I recently worked with a gentleman who was having challenges activating his own life due to an honest sense of nihilism. The simple fact was, he had legitimately noticed a fact about reality but he didn’t see how it was possible to do much with that discovery and so it had trapped him rather than freed him. I recently ran into the video below and thought it was quite a good technical explanation of most of the process he did before he came to me, and it also includes a lot of what we focused on after we were working together.

It’s not all here of course, or I’d have just shown him this video, and even having done it personally, that doesn’t mean all of his problems are solved of course. It simply means that he no longer things they’re a problem to be fixed, but rather that they form the landscape he’s negotiating as he lives his life. In the end, it’s going to rain. The only question is; will that keep you from living your life, or are you prepared to get wet sometimes in your pursuit of meaningful experiences?

Are you prepared to be responsible for your own life? If you are, you are freed to have

peace. s

Scott McPherson is an Edmonton-based writer, public speaker, and mindfulness facilitator who works with individuals, companies and non-profit organizations locally and around the world.

Connection and Expansion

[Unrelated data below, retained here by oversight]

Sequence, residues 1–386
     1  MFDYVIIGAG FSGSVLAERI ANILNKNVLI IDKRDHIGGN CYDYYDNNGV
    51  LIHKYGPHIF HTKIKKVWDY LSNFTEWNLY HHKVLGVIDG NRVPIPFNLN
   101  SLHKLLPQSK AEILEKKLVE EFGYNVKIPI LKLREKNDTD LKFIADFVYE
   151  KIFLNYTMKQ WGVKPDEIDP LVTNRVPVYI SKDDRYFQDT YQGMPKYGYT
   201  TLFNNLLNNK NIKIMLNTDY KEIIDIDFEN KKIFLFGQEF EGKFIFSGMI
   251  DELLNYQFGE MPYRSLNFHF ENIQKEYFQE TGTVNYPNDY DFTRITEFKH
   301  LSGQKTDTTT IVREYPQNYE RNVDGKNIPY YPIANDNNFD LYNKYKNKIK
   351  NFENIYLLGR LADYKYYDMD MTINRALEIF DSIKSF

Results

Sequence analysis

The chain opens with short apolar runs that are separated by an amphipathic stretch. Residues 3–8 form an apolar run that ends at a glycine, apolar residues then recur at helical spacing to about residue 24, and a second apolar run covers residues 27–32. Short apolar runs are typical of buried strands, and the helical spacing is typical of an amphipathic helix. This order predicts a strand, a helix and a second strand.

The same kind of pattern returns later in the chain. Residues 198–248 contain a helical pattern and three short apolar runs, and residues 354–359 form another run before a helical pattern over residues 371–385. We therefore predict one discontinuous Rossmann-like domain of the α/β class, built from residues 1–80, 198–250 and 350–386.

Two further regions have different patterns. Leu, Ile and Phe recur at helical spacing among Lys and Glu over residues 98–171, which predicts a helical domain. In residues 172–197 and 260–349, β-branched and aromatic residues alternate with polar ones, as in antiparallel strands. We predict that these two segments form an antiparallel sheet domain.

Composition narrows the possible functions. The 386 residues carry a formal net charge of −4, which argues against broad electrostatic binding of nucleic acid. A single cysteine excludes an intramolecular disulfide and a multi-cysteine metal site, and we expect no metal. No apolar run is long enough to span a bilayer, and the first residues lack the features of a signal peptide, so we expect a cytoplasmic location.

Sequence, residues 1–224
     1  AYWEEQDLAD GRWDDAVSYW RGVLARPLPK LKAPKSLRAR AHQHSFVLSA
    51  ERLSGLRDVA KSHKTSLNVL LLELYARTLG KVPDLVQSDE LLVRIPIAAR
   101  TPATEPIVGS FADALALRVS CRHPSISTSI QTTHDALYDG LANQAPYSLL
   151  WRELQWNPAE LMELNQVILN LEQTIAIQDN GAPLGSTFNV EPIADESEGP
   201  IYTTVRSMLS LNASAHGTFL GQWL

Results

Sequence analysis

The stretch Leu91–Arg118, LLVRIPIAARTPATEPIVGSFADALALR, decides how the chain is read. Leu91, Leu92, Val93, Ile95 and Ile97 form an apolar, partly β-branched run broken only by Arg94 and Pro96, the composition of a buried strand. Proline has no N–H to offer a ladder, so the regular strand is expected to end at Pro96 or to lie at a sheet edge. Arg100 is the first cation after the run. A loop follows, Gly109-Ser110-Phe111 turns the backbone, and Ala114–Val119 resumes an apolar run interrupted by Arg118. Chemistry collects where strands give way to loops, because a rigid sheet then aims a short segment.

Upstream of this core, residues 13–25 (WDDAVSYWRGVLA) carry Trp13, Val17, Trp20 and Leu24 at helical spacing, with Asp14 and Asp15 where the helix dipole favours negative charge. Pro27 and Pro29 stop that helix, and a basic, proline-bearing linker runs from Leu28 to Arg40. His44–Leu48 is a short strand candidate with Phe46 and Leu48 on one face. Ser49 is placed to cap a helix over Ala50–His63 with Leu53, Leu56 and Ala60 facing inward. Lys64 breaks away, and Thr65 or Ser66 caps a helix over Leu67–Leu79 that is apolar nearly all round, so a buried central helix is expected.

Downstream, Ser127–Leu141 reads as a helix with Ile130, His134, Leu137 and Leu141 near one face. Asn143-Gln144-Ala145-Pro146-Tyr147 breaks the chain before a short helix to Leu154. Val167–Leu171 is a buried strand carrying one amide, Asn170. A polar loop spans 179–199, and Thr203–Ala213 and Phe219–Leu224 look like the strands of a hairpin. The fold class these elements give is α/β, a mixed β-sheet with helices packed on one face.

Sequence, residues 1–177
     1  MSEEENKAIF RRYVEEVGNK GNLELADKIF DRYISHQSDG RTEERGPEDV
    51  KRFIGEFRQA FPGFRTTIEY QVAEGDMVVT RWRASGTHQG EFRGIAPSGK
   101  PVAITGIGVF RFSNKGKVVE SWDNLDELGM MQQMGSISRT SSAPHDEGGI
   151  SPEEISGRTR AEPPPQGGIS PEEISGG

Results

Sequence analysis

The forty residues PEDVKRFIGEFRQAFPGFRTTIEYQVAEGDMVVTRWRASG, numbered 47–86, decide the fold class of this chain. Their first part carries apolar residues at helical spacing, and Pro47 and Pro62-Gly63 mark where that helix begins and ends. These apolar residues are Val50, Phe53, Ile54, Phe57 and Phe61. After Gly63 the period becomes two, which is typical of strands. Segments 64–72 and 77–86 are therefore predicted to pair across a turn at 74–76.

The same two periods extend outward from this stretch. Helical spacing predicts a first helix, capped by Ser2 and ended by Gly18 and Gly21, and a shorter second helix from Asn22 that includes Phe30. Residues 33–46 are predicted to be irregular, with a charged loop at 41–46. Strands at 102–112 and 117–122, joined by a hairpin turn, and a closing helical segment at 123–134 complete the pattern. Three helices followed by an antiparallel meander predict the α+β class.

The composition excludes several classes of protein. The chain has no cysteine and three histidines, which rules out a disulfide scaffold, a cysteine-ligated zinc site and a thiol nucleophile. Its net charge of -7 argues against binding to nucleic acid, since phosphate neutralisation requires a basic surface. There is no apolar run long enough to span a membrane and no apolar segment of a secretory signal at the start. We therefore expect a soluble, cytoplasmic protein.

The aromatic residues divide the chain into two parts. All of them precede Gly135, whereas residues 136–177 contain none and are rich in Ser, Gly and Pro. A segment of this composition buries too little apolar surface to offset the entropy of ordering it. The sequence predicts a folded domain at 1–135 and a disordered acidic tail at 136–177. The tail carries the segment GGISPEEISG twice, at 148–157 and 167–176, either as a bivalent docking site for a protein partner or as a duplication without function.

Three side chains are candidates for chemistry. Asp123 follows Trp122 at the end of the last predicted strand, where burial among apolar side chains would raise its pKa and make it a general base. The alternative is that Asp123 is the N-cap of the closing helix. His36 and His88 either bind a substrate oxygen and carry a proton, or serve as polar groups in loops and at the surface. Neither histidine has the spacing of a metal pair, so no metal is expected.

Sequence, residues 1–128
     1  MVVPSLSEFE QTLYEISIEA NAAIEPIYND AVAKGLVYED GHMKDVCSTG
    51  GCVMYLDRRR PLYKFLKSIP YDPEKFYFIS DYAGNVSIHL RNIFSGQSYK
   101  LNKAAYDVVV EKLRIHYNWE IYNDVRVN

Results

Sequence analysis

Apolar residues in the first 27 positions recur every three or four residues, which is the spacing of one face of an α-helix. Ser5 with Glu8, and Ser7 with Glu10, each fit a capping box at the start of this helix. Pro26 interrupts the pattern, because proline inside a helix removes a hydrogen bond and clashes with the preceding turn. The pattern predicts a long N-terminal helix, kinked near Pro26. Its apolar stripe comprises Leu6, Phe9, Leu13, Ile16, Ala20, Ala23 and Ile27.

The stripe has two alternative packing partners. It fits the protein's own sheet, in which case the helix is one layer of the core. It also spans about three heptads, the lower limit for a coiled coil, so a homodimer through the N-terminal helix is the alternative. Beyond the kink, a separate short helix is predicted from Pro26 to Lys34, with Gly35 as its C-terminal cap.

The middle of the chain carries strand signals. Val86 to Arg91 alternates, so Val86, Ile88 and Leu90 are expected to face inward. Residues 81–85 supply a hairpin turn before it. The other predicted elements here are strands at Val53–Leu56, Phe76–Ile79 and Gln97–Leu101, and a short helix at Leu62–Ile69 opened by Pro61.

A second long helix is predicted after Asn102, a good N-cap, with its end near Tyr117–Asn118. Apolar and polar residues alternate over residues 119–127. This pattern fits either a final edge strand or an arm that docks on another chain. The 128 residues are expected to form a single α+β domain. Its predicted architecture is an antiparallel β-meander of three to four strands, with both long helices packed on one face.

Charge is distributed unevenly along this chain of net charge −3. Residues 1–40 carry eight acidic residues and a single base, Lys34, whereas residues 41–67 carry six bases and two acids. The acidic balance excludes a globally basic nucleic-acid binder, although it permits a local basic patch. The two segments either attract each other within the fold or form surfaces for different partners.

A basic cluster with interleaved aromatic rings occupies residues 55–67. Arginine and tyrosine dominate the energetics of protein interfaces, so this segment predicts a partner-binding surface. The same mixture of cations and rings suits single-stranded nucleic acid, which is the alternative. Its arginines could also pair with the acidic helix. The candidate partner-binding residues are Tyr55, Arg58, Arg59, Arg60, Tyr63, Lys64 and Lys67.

1271 Relax and Succeed - Connection and expansionWe know it’s good for us to practice gratitude each day. We endeavour to steadily move through our day from observation to observation without layering any words over our connection to whatever or whoever it is that we’re appreciating. But while words themselves are a product of the subject-object world of the ego, the feelings behind them can both be genuine and worthwhile.

What we often do not do as an aspect of gratitude, is to stop to look back to find a very precise example of someone warranting our reconsideration and appreciation. Birthdays make us think of individuals, and things like anniversaries or marriages cause us to think about those events in our own lives, but there is no occasion in society that asks us to slow down and consider to whom we may not have shown the sort of gratitude that would feel as good for us to express as it would for them to hear.

Whether they know how important they are to your life or not, find this unsung person. Find them via social media or through friends, or work or school. Figure out who they are today, and find them and talk to them before Monday. If we’re going to grow by pushing outside of our comfort zone to talk to someone from out of the blue, then it’s nice that it gets to be for someone who’s done so much for us.

1271 Relax and Succeed - Feeling gratitude and not expressing itNo matter how timid we are about grabbing our own lives, surely we can see the value in making a genuine connection of genuine appreciation, because if we won’t even reach and grow for people we like, then our problem isn’t whether we’re good enough, our problem is we’re being too cowardly to ever learn enough to get good.

Free yourself. Any danger is strictly psychological and it lives only as your own opinion inside your head. Your thoughts of isolation do not mean you weren’t born belonging, but to revel in that belonging you need to embrace it with the depths of your soul. Open up. It’s less painful than our masks.

Thank someone. Not for them, for you. It’s in you to do.

peace. s

Scott McPherson is an Edmonton-based writer, public speaker, and mindfulness facilitator who works with individuals, companies and non-profit organizations locally and around the world.